Public libraries preserve their community’s history through unique local collections. They are a great place for ordinary people as well as researchers to gain insights.
Georgia HomePLACE, the digitization initiative of Georgia Public Library Service, recently made available online a Catholic liturgical codex, or bound manuscript, believed to be Spanish in origin and likely hand-lettered by a monk around 1580.
The codex is a precursor to the modern book. Each page is written in Latin and filled with colorful calligraphy from the Catholic Tridentine mass.
The mass was approved at the Council of Trent in 1570, only 10 years before the book’s creation. This “old mass” was in use until the 1960s. The codex includes excerpts from the book of Matthew and musical notation for Gregorian chants and hymns.
Ben Bryson, assistant director at Marshes of Glynn Libraries, stands next to the codex on display at Brunswick Library.
The codex made its way across the Atlantic Ocean following the dissolution of the Catholic Church in England by King Henry VIII and changed hands at auction several times. In the 1970s it was purchased by a private collector with roots in coastal Georgia and later donated to the Brunswick-Glynn County Library.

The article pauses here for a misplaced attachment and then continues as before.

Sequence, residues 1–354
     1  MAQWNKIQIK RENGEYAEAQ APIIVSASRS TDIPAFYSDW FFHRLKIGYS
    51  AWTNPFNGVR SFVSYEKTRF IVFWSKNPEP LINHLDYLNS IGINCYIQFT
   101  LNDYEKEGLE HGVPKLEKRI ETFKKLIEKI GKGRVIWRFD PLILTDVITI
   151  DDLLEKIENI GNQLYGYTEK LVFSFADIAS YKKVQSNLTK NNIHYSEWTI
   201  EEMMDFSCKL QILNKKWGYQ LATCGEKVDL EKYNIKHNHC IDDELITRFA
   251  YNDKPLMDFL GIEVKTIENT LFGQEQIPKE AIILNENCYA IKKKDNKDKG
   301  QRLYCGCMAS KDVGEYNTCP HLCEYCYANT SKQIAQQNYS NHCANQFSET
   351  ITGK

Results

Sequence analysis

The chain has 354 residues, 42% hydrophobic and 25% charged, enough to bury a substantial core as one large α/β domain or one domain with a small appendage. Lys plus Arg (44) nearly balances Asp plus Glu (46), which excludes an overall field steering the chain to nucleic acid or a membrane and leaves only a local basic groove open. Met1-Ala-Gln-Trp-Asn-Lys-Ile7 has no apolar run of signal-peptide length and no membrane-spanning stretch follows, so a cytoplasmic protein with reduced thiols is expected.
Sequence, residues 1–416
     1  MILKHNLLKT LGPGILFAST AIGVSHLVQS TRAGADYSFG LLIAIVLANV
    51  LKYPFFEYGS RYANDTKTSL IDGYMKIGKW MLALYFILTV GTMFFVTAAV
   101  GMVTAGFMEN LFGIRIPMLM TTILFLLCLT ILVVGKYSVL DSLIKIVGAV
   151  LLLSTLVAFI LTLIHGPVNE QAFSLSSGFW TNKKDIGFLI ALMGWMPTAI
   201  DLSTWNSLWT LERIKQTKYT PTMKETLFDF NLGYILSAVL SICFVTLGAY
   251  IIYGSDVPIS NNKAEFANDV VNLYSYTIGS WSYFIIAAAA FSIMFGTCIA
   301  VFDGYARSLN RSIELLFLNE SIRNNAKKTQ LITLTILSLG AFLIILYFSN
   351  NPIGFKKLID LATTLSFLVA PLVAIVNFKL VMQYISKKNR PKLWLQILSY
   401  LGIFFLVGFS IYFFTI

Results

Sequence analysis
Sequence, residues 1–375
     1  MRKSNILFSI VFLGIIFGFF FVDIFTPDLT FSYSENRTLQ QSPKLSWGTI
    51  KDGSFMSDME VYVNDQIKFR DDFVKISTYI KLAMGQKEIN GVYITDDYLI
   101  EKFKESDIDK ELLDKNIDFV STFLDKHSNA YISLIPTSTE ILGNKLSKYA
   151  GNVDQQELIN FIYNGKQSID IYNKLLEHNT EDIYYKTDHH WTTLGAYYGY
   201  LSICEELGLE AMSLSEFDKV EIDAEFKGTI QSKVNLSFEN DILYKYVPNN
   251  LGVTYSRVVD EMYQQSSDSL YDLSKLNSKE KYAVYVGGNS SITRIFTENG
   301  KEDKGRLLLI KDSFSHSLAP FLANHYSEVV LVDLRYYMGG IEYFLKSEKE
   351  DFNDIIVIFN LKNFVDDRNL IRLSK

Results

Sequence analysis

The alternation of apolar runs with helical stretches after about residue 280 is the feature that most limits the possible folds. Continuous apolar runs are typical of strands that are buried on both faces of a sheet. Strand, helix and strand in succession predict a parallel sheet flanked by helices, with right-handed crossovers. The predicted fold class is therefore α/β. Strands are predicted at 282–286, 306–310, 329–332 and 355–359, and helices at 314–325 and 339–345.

The library sought to preserve it through digitization but didn’t have the resources to do so.
Imaging of the codex was made possible because of a partnership with the Auburn Avenue Research Library, part of the Fulton Public Library System, and Georgia HomePLACE, the digital projects unit of the Georgia Public Library Service.
A library staff member packaged the codex by placing it inside a custom, impact-resistant and shock-proof case and drove it five hours from Brunswick to Atlanta.
The Auburn Avenue Research Library is the only institution in Georgia with a scanner large enough to accommodate the book, which is over 4 feet wide when open. Each page was carefully placed under scanner and imaged at a very high resolution.
The codex was returned to Brunswick in time to be displayed at the reopening of the renovated library in April 2019.
This is a very unique item, one of many interesting, historical pieces in public libraries across Georgia. You can find a list of other treasures in our public libraries by searching “Georgia Treasures” at georgialibraries.org.
Georgia HomePLACE has facilitated the addition of more than 600,000 images to the Digital Library of Georgia, allowing free, online access to primary sources on local history. n